Despite the timeliness of the idea, there remain a host of unanswered questions. To its credit, the collection does well to try and answer some of these. Firstly, such an agenda says very little about the nature of work under such a system and indeed POD makes few demands of government interfering in the functioning of markets. A host of chapters (particularly David Schweickart’s contribution) argue that POD alone would be insufficient for furthering an equality agenda without addressing greater democracy in the workplace. Other important questions provoked by the pre-distribution agenda are its implications for childcare and gender equality. The chapter by Ingrid Robeyns is useful in this regard.
For some the language of POD is in itself a major turn-off as it instantly brings to mind the policies of Margaret Thatcher, particularly the sale of public housing stock. But one of the functions of this book is to offer the evidence for why there is an argument in favour of POD from the left. The chapter by historian Ben Jackson is very strong here as it explores the historical traditions of POD as an idea that has held currency at different times and in slightly different senses across the political spectrum in British politics.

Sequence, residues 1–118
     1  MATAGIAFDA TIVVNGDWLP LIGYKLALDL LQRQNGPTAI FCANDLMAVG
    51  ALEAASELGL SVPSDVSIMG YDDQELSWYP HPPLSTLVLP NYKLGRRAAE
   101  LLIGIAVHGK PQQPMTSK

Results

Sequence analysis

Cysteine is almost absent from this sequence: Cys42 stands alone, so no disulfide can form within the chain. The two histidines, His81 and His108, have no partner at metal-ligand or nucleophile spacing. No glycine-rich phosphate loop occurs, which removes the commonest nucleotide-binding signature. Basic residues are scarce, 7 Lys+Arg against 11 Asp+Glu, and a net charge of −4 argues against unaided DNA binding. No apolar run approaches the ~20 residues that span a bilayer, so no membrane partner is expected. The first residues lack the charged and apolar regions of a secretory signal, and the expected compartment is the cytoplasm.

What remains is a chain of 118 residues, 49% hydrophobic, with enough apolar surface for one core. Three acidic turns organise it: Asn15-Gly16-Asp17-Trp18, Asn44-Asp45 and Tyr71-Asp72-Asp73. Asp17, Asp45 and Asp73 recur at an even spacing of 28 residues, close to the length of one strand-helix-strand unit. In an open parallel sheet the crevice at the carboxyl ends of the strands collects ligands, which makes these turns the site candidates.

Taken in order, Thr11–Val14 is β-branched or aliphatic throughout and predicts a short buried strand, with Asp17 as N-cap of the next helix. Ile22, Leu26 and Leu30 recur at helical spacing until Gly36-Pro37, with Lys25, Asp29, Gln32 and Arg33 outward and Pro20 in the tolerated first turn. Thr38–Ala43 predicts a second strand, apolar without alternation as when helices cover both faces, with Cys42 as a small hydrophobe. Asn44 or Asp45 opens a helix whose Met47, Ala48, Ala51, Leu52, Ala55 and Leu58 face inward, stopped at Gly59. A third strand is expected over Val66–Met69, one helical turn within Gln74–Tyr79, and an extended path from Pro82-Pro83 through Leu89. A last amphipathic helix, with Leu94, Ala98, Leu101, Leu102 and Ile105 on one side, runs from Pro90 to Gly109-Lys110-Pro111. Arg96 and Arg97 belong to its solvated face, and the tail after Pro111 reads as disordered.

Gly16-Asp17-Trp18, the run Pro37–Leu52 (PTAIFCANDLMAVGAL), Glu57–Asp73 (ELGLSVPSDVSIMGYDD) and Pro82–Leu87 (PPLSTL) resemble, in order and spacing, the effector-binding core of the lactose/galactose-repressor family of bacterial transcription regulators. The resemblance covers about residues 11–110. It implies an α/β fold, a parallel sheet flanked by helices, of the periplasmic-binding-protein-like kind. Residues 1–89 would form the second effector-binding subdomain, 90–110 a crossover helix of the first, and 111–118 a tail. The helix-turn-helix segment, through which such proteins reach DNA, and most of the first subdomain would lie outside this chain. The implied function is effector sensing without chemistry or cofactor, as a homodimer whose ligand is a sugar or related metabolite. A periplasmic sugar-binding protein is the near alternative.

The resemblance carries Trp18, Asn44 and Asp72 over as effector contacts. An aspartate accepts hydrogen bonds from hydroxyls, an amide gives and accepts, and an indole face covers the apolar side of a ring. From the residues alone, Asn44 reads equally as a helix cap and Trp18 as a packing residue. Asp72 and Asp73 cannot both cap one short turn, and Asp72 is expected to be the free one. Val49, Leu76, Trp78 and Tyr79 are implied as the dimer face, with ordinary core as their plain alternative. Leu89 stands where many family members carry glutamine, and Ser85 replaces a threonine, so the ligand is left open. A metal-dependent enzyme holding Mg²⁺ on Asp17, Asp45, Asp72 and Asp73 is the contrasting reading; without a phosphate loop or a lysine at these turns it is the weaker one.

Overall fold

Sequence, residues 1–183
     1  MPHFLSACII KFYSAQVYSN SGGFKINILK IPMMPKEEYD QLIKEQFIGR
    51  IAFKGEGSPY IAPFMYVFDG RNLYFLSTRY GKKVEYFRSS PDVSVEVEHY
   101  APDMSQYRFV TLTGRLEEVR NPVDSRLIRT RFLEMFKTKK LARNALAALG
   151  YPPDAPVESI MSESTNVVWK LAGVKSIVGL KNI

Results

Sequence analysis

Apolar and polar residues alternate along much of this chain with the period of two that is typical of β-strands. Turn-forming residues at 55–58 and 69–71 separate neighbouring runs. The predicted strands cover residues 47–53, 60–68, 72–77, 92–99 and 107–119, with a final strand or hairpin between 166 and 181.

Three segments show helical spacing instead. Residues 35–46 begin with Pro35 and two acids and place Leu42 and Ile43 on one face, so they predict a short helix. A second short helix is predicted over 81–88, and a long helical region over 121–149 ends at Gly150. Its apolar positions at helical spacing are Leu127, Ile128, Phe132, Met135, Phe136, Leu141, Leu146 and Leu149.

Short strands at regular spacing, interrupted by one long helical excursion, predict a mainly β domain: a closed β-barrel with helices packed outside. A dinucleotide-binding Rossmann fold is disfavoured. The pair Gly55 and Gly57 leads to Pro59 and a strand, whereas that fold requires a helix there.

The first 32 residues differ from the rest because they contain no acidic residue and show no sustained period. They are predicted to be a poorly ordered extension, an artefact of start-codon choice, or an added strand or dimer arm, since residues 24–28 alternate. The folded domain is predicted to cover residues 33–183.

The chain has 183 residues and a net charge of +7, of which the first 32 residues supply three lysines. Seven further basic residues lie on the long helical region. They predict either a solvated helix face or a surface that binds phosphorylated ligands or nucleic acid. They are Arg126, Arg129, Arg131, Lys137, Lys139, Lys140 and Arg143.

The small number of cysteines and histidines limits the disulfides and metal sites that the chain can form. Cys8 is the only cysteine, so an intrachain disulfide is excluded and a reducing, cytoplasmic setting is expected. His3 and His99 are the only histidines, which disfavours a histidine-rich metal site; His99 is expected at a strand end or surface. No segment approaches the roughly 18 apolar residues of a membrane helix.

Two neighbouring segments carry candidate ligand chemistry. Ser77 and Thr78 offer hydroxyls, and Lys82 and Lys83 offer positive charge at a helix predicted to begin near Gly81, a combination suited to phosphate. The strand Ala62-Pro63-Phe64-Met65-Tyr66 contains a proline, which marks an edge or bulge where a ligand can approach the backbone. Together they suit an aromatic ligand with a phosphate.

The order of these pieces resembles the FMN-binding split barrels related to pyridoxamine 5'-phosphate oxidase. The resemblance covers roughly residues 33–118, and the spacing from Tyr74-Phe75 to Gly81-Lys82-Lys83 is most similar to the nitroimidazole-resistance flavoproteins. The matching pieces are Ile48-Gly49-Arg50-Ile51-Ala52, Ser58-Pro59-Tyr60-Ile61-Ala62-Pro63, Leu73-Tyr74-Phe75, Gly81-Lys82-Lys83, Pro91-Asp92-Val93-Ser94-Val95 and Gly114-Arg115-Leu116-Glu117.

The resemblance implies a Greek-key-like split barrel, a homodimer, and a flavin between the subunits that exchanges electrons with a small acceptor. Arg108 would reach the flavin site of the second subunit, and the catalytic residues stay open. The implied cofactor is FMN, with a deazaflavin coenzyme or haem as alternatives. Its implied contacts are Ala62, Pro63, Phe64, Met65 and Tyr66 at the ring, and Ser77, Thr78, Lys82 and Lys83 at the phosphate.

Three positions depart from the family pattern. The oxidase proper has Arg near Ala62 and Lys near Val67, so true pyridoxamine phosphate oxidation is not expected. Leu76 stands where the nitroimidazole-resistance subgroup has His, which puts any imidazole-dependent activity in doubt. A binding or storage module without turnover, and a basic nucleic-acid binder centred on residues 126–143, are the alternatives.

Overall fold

Some may see this as proof that a POD agenda is ‘ceding political ground’. But surely as long as the aims of the agenda are sufficiently progressive, the cross-party appeal is only evidence of the vast potential for public acceptance of it? This point is validated in the chapter by Gar Alperovitz. He suggests that the limitations of WSC in delivering solutions to perceived injustices mean that the very radicalism of POD might be the key to it garnering broad public appeal.
A criticism of POD and of political liberalism more generally is that it does not do enough to engage with the politics of identity and democratic participation. Stuart White’s chapter is a good contribution in this respect and he makes a compelling argument that a fully realised POD would require a more demanding concept of citizenship than current WSC. This would be to avoid what he calls (drawing on Tocqueville) the ‘illusion of self sufficiency’ that arises in advanced economies. This illusion suggests that as people prosper in advanced economies, the socially produced infrastructure on which they rely is often invisible and may appear to them as ‘natural’. This breeds diminishing support for re-(or pre-)distributive measures. White’s argument is powerful as it offers a reflection on the kind of politics and the lived experience that an egalitarian conception of POD would require.